It Was You, Mycroft

Mark Gatiss as Mycroft Holmes in BBC Sherlock with a sour look upon his face

I think this calls for a dozen chocolate frosted Krispy Kremes.

I really wasn’t planning to write this today. I have no idea where it came from. You can’t exactly call it post-Reichenbach Fall (although I did tag it as such). But it’s definitely Reichenfeels.

I think it was the gray stratus clouds moving in today that got to me. And I’m really sorry I looked up information on the Krispy Kreme site (like Mycroft, I’m on a diet and even when I’m not, Krispy Kremes are deadly for me). Fortunately, the nearest Krispy Kreme is 80 miles away!

Anyway, if you enjoy, please feel free to comment or tweet, or something. Thanks!

It Was You

By J.H. Watson
~ 800 Words

 

Mycroft Holmes sat quietly in a chair designed and built for comfort in a room designed for long periods of comfortable, quiet sitting in the contemplative sanctuary afforded by the Diogenes Club. The club’s entire raison d’être, as the better educated diplomatic members would put it, or its purpose, as the rest of us would say, was to buffer its members from the hurly-burly, hustle and bustle of London’s ordinary residents. Mycroft Holmes knew he was decidedly not an ordinary resident, even for the Diogenes Club.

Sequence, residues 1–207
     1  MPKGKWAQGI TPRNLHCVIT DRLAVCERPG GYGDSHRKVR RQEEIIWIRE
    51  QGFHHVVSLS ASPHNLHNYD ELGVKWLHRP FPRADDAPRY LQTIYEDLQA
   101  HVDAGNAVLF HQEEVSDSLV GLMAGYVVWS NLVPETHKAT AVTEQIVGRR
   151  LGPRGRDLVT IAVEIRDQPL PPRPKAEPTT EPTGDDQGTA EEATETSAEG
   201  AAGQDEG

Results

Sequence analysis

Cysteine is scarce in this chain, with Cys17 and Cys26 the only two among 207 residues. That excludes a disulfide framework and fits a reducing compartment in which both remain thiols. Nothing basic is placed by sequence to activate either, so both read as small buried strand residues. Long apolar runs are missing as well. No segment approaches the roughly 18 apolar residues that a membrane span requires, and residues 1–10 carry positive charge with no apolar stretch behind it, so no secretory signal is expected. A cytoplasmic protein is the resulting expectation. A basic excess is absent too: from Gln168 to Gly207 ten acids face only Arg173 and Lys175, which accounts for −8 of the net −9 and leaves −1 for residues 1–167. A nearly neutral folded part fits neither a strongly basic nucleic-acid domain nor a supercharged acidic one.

He glanced once around the room and made a mental note to have someone on his staff send flowers to Sir Smythe-Higgsbosun’s widow. Of course, she wouldn’t be a widow until the end of next week, but it was always better not to leave this things until the last moment. He also made a note to ensure that he had no investments in his portfolio connected with the any of the corporations controlled by the Right Honourable Charles Cœur-Défaillant who was planning to disappear with his latest mistress within the fortnight despite buying tickets to the National Theatre.

Mycroft felt a gentle flutter over his heart. It was a silent signal from his mobile politely requesting his attention. He discreetly removed the dignified and tasteful phone from the pocket of his equally dignified suit jacket. Everything, and everyone, in the Diogenes Club appeared tasteful and dignified at all times. Mycroft peered at the screen.

The text read: u o me

Mycroft stared at it a moment as if expecting something more. He read the message again. Unnecessarily, but it gave him another moment to rapidly consider the mind of his brother, Sherlock, before taking any action.

Obviously, Sherlock had found Moriarty and read Ms. Kitty Riley’s soon-to-be released exposé denouncing Sherlock as a fraud and a criminal. He would, at this moment, feel like a wild animal caught in a rapidly closing trap, lashing out at anyone foolish enough to approach, desperately, fruitlessly seeking an escape. There was only one thing he could do, only one way to go, and no matter how much he resisted, he would recognize that he was being driven towards the only remaining exit.

There were things that his brother would need, arrangements, people, resources, funds. Mycroft had known this for some time. His brother would figure it out shortly. And then be unreasonably irritated that Mycroft had already made the necessary arrangements. Perhaps it might be best not to tell Sherlock and pretend that things were being ordered at Sherlock’s demand.